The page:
Old Kettle

Here's an old Chinese kettle. Notice the spout of this kettle is also elongated and narrow. None of that funny wide-spout jug kettle business.

Sometimes just because it's new doesn't mean it's better.

This kettle has an interesting design. Notice the spout has a hinged cap on the end. I guess that's to prevent anything from getting into the kettle and contaminating the water.

Notice the knob on the side of the kettle. It's a handle rest. If you handled this kettle, you better be skillful - because it would be quite hot. So you need to have a towel to grasp the handle. And same thing with the lid. Use a towel to take the lid off to pour more water into the hot kettle.

This is such a lovely old kettle. I'm sure many people got a lot of pleasure out of making tea with this kettle in days gone by. Well, anyway, there is a thick caking of scale inside the kettle, so I'm sure it was used quite often.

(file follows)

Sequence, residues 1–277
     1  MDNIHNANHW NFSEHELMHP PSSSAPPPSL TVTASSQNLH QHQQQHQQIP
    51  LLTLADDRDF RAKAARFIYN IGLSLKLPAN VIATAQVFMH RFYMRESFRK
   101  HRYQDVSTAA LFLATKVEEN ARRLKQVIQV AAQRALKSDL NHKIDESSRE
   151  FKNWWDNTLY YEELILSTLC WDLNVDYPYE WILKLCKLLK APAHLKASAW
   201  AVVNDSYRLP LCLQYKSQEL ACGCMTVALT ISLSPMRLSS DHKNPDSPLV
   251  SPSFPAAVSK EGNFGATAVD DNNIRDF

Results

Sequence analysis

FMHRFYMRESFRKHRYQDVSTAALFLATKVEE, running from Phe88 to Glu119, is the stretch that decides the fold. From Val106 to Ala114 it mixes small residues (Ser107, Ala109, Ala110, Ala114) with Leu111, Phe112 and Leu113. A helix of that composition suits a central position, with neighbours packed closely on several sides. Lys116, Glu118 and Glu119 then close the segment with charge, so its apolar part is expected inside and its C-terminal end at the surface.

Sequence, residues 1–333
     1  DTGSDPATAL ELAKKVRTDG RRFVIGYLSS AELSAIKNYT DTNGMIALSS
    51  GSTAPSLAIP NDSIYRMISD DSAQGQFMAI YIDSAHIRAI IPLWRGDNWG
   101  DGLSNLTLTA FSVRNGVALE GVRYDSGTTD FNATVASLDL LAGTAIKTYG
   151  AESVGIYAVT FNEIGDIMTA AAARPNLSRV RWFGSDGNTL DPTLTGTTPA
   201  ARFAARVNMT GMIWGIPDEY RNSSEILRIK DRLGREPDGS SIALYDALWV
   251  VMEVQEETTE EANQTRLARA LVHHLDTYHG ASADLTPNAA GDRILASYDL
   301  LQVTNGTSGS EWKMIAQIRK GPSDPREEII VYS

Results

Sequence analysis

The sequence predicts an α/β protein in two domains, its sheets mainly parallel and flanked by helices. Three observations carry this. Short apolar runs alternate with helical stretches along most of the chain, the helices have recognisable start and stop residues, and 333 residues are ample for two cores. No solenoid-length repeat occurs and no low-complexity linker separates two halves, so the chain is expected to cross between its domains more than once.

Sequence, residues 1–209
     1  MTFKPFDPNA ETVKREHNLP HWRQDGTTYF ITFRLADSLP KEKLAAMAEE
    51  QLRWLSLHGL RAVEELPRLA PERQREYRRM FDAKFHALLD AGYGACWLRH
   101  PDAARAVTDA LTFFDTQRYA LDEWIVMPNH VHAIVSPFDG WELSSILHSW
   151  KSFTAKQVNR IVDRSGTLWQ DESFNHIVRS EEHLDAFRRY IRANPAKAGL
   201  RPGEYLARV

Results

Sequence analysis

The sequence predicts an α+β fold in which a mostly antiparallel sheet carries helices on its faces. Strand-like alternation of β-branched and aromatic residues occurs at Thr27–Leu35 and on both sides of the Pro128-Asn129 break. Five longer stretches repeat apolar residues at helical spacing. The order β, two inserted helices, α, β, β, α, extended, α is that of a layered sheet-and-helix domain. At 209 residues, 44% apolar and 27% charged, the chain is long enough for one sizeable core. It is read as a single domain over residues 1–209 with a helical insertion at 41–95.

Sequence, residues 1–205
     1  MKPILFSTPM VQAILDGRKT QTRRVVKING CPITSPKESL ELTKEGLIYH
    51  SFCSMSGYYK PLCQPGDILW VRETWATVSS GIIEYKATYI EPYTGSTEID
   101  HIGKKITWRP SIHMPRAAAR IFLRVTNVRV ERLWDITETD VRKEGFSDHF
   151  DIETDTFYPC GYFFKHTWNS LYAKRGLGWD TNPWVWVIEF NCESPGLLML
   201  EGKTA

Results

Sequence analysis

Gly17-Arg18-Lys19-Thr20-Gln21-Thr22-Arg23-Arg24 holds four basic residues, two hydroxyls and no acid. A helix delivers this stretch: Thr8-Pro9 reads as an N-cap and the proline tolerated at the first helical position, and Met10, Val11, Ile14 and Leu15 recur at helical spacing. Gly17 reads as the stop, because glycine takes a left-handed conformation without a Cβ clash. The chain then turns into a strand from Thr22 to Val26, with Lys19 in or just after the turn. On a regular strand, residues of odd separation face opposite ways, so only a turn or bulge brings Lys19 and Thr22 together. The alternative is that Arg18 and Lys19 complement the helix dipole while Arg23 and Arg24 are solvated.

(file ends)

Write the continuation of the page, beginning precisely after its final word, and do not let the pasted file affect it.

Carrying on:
Head Genie said...

What a wonderful kettle. It is interesting about the hinge. Do you think it might be to keep the heat inside if the whole kettle of water wasn't used? Just a thought. Very unique pot.

Warren said...

Not really to keep the heat inside. I think its meant to keep things out, to keep things from spoiling the water - like ash, smoke, or whatever.

Back in old China, they were very careful with the water they used for tea.

Head Genie said...

That is true. Amazing what a bit of ash can do to transform your tea! ;)

Warren said...

When I go camping in the summer, I bring along a porcelain teapot, some tea cups, a tetsubin, and some tea.

I have a metal grate that I can set the tetsubin on, over a fire.

But when you put the tetsubin on the rack over a fire, then, there is a lot of smoke - and ash.

The ash gets everywhere - in the teacups, in the teapot, in the kettle. So basically, like this, you can't avoid ash in your tea.

I guess the best thing is to use a lot of hardwood, and burn it up until it gets to red hot coals. Then, use a grate that is low enough to the coals to heat the water. Then, continuously fan the coals so little smoke is produced.

Then, wait until the water boils. That could take a long time. You have to be patient.